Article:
Once you get a full draft of your book proposal, set it aside for a week and work on the book, preferably on the Introduction. Pick the proposal back up after a week and see how it reads. Edit it and give it to a friend to read. Once you are comfortable with it, send it out to presses.

You can send your proposal to as many presses as you like. Some presses even allow for multiple submission of the entire manuscript.

Good luck!

70 comments:

  1. This helped me immensely! I am planning on submitting to UC Press this summer, so thanks!

    ReplyDelete
  2. Hi!

    This post is very helpful. I have a question. In the "competition" section, do you refer to different texts specifically, or just a broader field of study? As in, is it sufficient enough to say something like "my book contributes to recent trends in diaspora studies that do xyz" and then cite who is doing that, or do you just leave as is? Do you include a works cited type page in a proposal?

    Thank you!

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  3. Eve: Good luck with your submission! Anonymous: Yes, you refer to specific texts. I dedicate about two sentences to each: one that describes the book and one that says how mine differs.

    I suggest you ask a colleague for a sample prospectus. That might be very helpful.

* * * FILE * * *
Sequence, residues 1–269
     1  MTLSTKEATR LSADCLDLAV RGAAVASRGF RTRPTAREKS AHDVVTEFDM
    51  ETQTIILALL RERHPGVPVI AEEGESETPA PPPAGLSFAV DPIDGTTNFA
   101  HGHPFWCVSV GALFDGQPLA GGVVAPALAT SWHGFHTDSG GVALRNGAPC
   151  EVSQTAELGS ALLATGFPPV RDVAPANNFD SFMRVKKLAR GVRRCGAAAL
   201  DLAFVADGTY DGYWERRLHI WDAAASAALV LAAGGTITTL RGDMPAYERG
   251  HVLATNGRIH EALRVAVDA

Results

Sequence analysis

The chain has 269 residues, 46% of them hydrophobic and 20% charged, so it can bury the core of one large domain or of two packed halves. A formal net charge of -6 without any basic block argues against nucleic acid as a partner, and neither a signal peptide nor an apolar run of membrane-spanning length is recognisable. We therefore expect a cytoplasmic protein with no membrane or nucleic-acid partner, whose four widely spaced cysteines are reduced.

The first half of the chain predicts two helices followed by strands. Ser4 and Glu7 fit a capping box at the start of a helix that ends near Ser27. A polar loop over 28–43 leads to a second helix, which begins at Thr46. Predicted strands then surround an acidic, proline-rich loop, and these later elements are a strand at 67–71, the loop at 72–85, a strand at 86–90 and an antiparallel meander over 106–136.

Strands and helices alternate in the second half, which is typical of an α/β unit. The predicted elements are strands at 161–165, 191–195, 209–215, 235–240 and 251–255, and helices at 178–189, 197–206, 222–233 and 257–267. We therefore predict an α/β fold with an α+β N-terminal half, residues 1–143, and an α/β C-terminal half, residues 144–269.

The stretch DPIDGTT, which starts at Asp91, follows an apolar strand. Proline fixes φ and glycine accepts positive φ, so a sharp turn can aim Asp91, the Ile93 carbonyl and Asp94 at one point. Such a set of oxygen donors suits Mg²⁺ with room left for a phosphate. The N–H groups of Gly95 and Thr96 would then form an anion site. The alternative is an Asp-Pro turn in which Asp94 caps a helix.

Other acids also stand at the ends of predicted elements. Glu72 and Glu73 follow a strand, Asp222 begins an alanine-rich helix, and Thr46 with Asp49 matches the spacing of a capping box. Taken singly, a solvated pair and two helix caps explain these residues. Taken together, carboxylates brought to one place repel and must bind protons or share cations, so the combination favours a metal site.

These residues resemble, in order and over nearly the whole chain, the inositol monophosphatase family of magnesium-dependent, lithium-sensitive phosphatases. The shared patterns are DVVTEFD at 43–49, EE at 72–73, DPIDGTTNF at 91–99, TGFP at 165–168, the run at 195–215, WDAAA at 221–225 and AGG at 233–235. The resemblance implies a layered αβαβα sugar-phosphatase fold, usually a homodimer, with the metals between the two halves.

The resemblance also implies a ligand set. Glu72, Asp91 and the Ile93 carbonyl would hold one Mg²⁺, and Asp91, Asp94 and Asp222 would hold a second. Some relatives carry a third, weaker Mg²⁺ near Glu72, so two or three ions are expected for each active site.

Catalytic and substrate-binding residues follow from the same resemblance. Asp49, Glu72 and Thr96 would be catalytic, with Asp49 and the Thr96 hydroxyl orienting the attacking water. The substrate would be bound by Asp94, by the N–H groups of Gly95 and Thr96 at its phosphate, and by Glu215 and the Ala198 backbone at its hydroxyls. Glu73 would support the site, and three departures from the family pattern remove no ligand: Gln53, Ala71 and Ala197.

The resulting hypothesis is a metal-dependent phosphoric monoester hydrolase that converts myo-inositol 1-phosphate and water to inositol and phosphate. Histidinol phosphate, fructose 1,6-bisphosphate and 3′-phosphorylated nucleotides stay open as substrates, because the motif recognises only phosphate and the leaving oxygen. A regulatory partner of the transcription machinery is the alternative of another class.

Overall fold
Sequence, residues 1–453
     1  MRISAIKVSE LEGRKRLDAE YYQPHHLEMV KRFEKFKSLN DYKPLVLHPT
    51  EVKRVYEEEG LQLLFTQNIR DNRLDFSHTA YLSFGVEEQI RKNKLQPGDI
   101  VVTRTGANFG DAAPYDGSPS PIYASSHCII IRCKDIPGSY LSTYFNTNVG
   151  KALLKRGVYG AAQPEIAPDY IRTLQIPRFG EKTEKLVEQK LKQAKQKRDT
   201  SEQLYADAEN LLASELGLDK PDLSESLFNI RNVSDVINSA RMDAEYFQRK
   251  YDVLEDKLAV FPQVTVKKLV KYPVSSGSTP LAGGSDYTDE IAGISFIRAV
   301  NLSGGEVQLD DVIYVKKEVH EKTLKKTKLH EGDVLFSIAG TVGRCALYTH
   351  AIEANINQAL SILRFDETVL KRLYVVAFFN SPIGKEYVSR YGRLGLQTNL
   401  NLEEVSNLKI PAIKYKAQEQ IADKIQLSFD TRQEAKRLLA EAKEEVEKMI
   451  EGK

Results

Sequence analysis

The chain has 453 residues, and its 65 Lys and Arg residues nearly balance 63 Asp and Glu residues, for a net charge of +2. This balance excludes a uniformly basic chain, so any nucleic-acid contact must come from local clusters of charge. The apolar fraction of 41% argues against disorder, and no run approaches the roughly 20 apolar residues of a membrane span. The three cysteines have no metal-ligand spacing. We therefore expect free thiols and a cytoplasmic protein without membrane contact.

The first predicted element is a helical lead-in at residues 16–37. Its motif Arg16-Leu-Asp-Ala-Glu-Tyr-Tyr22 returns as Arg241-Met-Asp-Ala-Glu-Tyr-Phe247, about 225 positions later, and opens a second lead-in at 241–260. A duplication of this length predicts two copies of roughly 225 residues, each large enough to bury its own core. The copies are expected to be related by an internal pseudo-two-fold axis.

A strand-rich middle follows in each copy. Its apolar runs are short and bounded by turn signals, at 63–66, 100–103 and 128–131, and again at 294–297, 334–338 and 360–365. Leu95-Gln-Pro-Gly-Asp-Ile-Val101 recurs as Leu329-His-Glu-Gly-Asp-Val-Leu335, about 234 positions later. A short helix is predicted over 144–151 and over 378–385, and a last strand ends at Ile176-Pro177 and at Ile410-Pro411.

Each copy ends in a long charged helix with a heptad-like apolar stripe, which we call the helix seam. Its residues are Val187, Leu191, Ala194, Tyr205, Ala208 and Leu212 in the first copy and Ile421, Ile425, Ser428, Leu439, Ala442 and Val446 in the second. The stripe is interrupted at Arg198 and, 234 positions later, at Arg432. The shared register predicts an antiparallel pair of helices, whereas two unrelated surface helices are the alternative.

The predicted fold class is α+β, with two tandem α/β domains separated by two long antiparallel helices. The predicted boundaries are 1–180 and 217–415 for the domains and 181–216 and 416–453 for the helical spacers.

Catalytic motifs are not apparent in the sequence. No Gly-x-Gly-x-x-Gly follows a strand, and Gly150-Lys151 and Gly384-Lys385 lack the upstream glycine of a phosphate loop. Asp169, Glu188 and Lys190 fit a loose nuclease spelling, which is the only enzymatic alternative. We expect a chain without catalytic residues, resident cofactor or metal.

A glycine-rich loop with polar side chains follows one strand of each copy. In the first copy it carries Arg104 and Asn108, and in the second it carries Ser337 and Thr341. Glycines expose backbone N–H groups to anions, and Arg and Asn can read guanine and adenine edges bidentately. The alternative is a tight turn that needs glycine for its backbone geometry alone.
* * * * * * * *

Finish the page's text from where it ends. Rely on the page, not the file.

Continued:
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  4. I have a question:

    If it's my dissertation the one I'm turning into a book (1st book ever), is it still better to start working on a few chapters before sending the proposal?

    (I mean, you think is possible to turn a dissertation into a book in one year, or is it better to be cautious and start with a few chapters?)

    Thanks

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  5. A.V.: I think it is better to write a proposal draft so that you have a big picture idea, then begin to revise the chapters. Once you have a clear idea as to how long it will take you, it is a good time to contact publishers. Usually publishers of a first-time book will want to see a full manuscript. But, they also will want a firm deadline of a complete manuscript (no more than a year away).

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  6. Thanks!
    (also, thanks for creating this blog!
    This is my starting point for research from now on).

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  7. I have a question. I want you to clarify component 1, paragraph 4: "a brief roadmap to the book". What exactly does it mean?

    Thanks!

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  8. A.V. : By a roadmap, I mean a brief paragraph outlines where you will go with this book. Something that provides a "map" to the book - that would guide the reader through your organizational strategy. Basically, it's a summary, but I think the metaphor of a roadmap conveys the point nicely.

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  9. Thank you for this very helpful information. If I may ask, what is the conventional length of an academic manuscript proposal? From the guide you have so generously provided above, I am thinking somewhere around 10 pages.

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  10. B.B. Mine have hovered around 5-6 pages single spaced. (really, 1.15 spacing). So, yes, 10 pages, if you are thinking double-spaced.

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  11. Thanks for the post!